Monday, February 02, 2009

Blossom is Awesome!


Meet Blossom, our little ewe, who is one of triplets born to Helena, a first-time mom, on January 23rd. The morning she and her two brothers were born, it was 23 degrees. They were inside the barn, but it’s not all that much warmer in there.

When I got out to the barn in the morning, Helena had *just* delivered her triplets and was busily cleaning them up. It appeared that Blossom had been born first, and Helena, being very busy giving birth to lambs #2 & #3 hadn’t gotten around to cleaning her up & getting her moving as would normally have been the case. Certainly, three lambs is a lot to look after, especially for a first-timer.


Little Blossom was cold and covered in amniotic fluid, and although she was breathing, she was less active than the two little rams, who were just beginning to get up. I called Doug from the barn & he brought out a large bucket of warm water & a plastic bag. Blossom went into the bag, and I floated her in the warm water, as we attempted to get her body temperature up. Doug needed to go to work so I phoned BFF Janice, who came to assist. FYI, the plastic bag allows the scent of the amniotic fluid to remain on the little lamb, so that when mom smells her, she realizes it’s her lamb.


Three buckets of water later, we still weren’t having much success getting her warmed up in the barn, so we took her into the house. The laundry room has a deep sink, so I filled that with warm water & dispensed with the plastic bag. We had gotten a few “Maaaa’s” from her, and she was breathing better so things started looking hopeful. We got her temp up to 102 (normal for sheep), and began feeding her. I was able to get some colostrum from Helena, and the little tyke did okay with the bottle.

When things began to calm down, Blossom settled down on the floor with my dog, Shaela, a very experienced mom from the looks of things. (We adoped Shaela last spring & don’t know much about her background.) Shaela took Blossom as her puppy, and licked her from nose to tail, got her standing up & moving around. I could see the concern in Shaela’s face (Boxers are incredibly expressive) as she worked diligently to get that baby going. Blosson, for her part, showed us a determination & strength that gave us hope for her survival.


It was later that afternoon that Blossom began breathing very fast & panting like an overheated dog. She felt very warm as Janice held her in her lap. We decided that a trip to the vet to evaluate the respiratory distress would be a good idea. At the vet’s office, Blossom’s temp was 108.6. Blossom received alcohol baths to cool her down, and we went ahead with antibiotics & IV Banamine, an anti-inflammatory. I decided to begin gavage feedings at home to see if we could allow her some time to clear up what we figured was aspiration pneumonia. We came home with a gavage tube. Once home, her temp registered 109.5 & we again put her in the sink, but this time to cool her down rather than warm her up. I began gavaging Pedialyte, because I knew that she would have lost fluids with the high fever. Eventually she was back on colostrum, which I milked from Helena (who, by the way, was less than enthusiastic about that activity).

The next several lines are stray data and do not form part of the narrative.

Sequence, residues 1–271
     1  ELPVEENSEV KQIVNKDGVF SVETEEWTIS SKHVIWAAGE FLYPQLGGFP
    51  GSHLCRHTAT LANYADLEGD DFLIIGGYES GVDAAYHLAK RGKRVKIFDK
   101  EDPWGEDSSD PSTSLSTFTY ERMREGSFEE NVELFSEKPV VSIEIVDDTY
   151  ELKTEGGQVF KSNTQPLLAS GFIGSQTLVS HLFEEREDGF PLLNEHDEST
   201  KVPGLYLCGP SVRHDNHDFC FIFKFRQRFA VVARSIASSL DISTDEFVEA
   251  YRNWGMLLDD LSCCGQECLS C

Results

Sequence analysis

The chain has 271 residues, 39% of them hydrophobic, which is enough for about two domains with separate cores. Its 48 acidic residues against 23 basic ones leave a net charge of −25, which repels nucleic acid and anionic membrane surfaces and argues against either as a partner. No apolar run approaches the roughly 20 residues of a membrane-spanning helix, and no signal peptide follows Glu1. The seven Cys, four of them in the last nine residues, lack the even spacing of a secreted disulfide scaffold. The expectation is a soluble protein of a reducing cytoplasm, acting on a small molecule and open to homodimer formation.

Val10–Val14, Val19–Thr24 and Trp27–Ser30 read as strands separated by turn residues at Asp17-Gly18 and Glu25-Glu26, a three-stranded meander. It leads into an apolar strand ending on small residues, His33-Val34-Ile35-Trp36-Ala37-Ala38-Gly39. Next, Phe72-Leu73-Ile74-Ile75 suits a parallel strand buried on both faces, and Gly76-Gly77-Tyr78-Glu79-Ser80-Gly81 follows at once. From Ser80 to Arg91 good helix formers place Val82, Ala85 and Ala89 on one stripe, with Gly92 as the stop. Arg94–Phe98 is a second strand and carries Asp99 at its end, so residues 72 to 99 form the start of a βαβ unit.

It’s been over a week now, and I have to say that at every turn, Blossom has showed us her determination to survive. She has had her setbacks & more trips to the vet, but at this writing, she is able to take bottles of milk replacer, and spends her time toddling around the house in a diaper, following me and/or Shaela, and generally exploring. We’ve taken her out to the barn for visits with her sheep family, but it’s a bit cold out there for her right now & she is under “doctor’s orders” to not subject her to temperature stress. She starts wheezing like a little asthmatic with stress, and then has difficulty eating. She’s almost up to eight pounds now.

There will be a time that she can join her flock, but it’s not going to be this week. Maybe not next week. But we’ll allow her to grow & gain weight as a house lamb for now. In the meantime, the two little rams are thriving in the barn under their Mom’s care, along with the other moms & their little cousins. We hold onto the hope that Blossom will be able to go out there & enjoy the pasture with her family eventually.

3 Comments:

Blogger Leigh said...

Great post! Would have really kept me on the edge of my seat except for the title. I didn't think she'd be awesome if she didn't make it. Sounds like you've put on the shepherd's role very well.

2:41 PM  
Blogger Paige said...

Your hubby sent me to your blog after my many questions about Blossom's health. Thank you for sharing!

Kendra Cook

5:14 PM  
Blogger inSheepsClothing said...

So how is little Blossom doing?
Hope all is well and she's gaining strength with each passing day--

Denise

6:52 PM  

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